Here is a link to the story that tells the heroic efforts everyone went to to try and save the hiker. http://www.kjonline.com/news/NH-woman-falls-60-feet-during-Acadia-hike-dies-.html
|another view of the Precipice Trail|
Today we moved to the OTHER Encore park, Mount Desert Narrows. Mount Desert Narrows Campground is right across the bridge on Mount Desert Island. It's actually the nicer of the two parks as far as atmosphere and view, but not quite as big rig friendly. Sites are a little more uneven, some are terraced, and there are a lot of weekend warriors that come in with travel trailers and tents. But the atmosphere is more like a community. It's definitely a more active place with a LOT more families. We are not cut off from the rest of the park like we were in Narrows Too because we were on a special rate. We have an even better rate here, a summer special of $99.00 for the week, and we have a terrific view of the ocean/ narrows/bay.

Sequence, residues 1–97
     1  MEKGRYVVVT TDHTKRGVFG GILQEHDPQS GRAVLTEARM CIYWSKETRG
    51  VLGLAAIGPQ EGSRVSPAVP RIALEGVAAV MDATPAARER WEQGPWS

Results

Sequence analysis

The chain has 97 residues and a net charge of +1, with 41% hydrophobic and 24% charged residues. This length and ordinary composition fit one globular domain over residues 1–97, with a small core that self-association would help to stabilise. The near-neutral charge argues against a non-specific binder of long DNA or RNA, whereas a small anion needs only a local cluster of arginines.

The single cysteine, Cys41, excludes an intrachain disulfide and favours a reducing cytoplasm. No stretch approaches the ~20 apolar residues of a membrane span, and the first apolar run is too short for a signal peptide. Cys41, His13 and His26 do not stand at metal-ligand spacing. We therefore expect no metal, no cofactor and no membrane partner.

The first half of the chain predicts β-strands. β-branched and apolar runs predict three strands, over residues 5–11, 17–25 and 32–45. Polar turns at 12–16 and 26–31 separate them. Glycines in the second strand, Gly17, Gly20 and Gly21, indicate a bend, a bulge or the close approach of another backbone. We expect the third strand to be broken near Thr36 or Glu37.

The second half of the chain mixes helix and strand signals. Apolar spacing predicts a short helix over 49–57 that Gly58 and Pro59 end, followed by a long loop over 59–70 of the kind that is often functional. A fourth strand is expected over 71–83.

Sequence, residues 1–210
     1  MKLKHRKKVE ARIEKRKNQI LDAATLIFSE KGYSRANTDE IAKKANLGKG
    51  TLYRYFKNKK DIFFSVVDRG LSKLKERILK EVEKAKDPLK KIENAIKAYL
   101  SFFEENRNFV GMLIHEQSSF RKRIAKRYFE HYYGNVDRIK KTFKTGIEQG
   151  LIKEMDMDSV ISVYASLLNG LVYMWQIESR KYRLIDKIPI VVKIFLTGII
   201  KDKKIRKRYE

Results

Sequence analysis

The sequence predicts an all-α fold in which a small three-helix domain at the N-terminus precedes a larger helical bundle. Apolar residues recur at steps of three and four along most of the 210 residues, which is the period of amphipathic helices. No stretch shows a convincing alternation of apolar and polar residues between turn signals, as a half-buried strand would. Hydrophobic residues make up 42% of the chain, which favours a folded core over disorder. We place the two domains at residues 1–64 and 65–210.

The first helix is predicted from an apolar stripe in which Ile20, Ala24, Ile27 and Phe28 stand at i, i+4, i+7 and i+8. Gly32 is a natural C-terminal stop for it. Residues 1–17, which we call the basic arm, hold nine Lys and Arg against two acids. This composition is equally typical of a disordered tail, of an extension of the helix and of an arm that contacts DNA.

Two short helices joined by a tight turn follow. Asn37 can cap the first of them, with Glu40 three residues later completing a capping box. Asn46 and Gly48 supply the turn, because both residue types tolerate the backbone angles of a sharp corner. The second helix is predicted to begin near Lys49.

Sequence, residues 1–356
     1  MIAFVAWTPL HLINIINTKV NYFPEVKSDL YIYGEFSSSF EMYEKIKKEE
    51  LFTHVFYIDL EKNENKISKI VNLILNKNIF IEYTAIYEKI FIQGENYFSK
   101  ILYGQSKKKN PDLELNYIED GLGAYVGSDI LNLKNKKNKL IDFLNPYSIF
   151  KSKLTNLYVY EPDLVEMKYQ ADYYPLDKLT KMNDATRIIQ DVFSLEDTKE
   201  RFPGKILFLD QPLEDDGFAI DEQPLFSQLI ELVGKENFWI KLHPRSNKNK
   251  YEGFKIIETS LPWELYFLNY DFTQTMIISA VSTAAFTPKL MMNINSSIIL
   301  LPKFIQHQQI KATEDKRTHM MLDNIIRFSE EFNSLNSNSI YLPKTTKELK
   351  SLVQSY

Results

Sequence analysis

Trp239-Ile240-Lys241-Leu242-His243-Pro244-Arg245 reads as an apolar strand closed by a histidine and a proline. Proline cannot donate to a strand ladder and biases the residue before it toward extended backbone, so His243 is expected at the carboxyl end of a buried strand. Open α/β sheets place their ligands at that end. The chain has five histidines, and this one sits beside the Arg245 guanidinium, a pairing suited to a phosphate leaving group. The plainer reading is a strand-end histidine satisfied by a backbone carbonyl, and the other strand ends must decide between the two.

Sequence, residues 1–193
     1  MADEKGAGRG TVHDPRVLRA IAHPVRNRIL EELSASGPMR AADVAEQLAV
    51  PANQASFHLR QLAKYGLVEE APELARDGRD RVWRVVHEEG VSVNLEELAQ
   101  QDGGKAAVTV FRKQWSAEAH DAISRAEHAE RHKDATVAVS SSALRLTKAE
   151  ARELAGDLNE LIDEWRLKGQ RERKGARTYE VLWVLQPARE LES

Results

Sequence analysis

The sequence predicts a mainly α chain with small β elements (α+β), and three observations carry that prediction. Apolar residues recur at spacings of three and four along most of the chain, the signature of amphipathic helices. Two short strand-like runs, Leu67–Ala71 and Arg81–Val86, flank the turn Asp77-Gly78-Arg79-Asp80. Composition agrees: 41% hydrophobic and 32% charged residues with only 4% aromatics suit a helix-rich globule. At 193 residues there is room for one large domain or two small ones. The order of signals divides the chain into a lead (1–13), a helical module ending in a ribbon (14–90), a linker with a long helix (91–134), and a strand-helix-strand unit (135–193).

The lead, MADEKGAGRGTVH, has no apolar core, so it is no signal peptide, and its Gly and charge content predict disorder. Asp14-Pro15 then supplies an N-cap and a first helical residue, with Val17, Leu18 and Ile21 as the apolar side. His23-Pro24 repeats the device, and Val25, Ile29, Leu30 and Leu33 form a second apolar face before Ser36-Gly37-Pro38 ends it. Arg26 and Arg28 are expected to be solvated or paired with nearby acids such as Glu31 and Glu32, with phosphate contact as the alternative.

They have 10% discount rates on regular summer season rates--Good Sam's, AAA, and AARP. The parks here all charge a 3% resort fee, which seems like it shouldn't apply in a campground situation. There are lots of campgrounds to choose from in the area, but many of them are too tight for big rigs or too difficult to maneuver around in, and they are usually more expensive. In case anybody is wondering, the two campgrounds in Acadia National Park do not accept any rigs over 35 feet, nor are there any hookups or utilities at Blackwoods Campground
, or Seawall Campground
The summer special rate is great, however, here at Mount Desert Narrows, we are in a less expensive site...30 amp, no sewer, no cable, BUT--we have a great view. The showers and bathrooms are just across the street from our site.